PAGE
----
Does the ruling affect the use of affirmative action in colleges and universities?
No. The majority opinion explicitly does not reverse the court's 2003 decision upholding the right of colleges and universities to use race as one of several factors in achieving a diverse student body. In introducing the decision on public schools, Roberts noted that there are "considerations unique to institutions of higher education." Those considerations, Roberts said, make it appropriate to take race into account as part of a "holistic review" of a university applicant's qualifications.
How does this decision affect the legacy of Brown v. Board of Education, the landmark 1954 decision that outlawed segregation in public schools?
Whether the ruling upholds the spirit of Brown depends on whom you ask.
In a separate opinion siding with the majority, Justice Clarence Thomas, the court's only black member, said that school assignment plans based on race are just as unconstitutional as race-based segregation was in 1954. "What was wrong in 1954 cannot be right today," Thomas said.
But the court's dissenters said the decision reneges on the promise of Brown. In a separate dissent, Justice John Paul Stevens called the majority's reliance on Brown to rule against integration "a cruel irony."
Written by Maria Godoy, with additional reporting and analysis by Mark Walsh, Washington editor/Supreme Court correspondent for Education Week. The Associated Press contributed to this report.
The Supreme Court issued a series of far-reaching split decisions Thursday, limiting the use of race to assign public school enrollment, blocking the execution of a mentally ill inmate and freeing manufacturers and retailers to set price floors for products.
The decision in cases affecting schools originated in Louisville, Ky., and Seattle could imperil similar plans in hundreds of districts nationwide, and it leaves public school systems with a limited arsenal to maintain racial diversity.
The 5-4 decision, with Chief Justice John Roberts announcing the court's judgment, saw Justice Stephen Breyer writing a dissent that was joined by the court's other three liberals.
"The way to stop discrimination on the basis of race is to stop discriminating on the basis of race," Roberts said.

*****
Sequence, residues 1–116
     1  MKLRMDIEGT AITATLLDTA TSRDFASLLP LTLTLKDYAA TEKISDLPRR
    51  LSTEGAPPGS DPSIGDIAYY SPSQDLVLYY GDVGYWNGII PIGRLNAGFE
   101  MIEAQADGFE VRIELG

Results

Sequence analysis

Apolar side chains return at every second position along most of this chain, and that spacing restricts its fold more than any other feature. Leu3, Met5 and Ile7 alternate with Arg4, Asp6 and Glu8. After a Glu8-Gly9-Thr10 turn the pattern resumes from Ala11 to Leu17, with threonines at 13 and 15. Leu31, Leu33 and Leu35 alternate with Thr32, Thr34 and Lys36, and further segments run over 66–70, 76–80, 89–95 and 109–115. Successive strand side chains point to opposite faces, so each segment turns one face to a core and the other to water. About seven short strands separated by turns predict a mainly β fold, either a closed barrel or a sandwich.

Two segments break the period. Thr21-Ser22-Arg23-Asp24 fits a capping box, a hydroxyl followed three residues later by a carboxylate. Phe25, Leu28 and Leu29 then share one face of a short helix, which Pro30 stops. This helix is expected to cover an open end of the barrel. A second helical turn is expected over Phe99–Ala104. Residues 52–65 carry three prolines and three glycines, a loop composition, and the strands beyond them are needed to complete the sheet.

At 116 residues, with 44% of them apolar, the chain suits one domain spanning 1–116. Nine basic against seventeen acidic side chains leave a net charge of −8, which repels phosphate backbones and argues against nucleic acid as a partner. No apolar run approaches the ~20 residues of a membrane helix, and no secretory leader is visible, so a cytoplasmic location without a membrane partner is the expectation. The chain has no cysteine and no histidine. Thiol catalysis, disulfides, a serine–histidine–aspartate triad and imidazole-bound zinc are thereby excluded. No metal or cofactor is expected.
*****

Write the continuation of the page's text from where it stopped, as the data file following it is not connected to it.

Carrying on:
Yet Justice Anthony Kennedy would not go as far as the other four conservative justices, saying in a concurring opinion that race may be a component of school plans designed to achieve diversity.
To the extent that Roberts' opinion could be interpreted to foreclose the use of race in any circumstance, Kennedy said, "I disagree with that reasoning."
"A district may consider it a compelling interest to achieve a diverse student population," Kennedy said. "Race may be one component of that diversity."
He agreed with Roberts that the plans in Louisville and Seattle violated constitutional guarantees of equal protection.
Justice Stephen Breyer, in a dissent joined by the other liberals on the court, said Roberts' opinion undermined the promise of integrated schools that the court laid out 53 years ago in its landmark decision in Brown v. Board of Education.
"To invalidate the plans under review is to threaten the promise of Brown," Breyer said.
In a separate ruling, the court blocked the execution of a Texas killer whose lawyers argued that he should not be put to death because he is mentally ill. Scott Louis Panetti shot his in-laws to death 15 years ago in front of his wife and young daughter.
Panetti knows what he did, but believes that he is on death row because he preaches the word of God, his lawyers say.
The convicted murderer says that he suffers from a severe documented illness that is the source of gross delusions. "This argument, we hold, should have been considered," said Justice Anthony Kennedy, who wrote the majority opinion.
Panetti's lawyers wanted the court to determine that people who cannot understand the connection between their crime and punishment because of mental illness may not be executed.
The Eighth Amendment to the Constitution, which bars "cruel and unusual punishment" also prohibits "the execution of a person who is so lacking in rational understanding that he cannot comprehend that he is being put to death because of the crime he was convicted of committing," they said in court papers.
In dissent, Justice Clarence Thomas said that Panetti had petitioned the federal courts twice in his case, but that the law allows only one petition.
"The court bends over backwards to allow Panetti" to bring his current claim, despite no evidence that his condition has worsened, or even changed, since 1995, Thomas wrote.
The justices also abandoned a 96-year-old ban on manufacturers and retailers setting price floors for products.
In another 5-4 decision, the court said that agreements on minimum prices are legal if they promote competition.
The ruling means that accusations of minimum pricing pacts will be evaluated case by case.
The court declared in 1911 that minimum pricing agreements violate federal antitrust law.
Supporters said that allowing minimum price floors would hurt upstart discounters and Internet resellers seeking to offer new, cheaper and less expensive ways to distribute products.
The principle that past decisions should be left alone "does not compel our continued adherence" in this instance, Justice Anthony Kennedy wrote.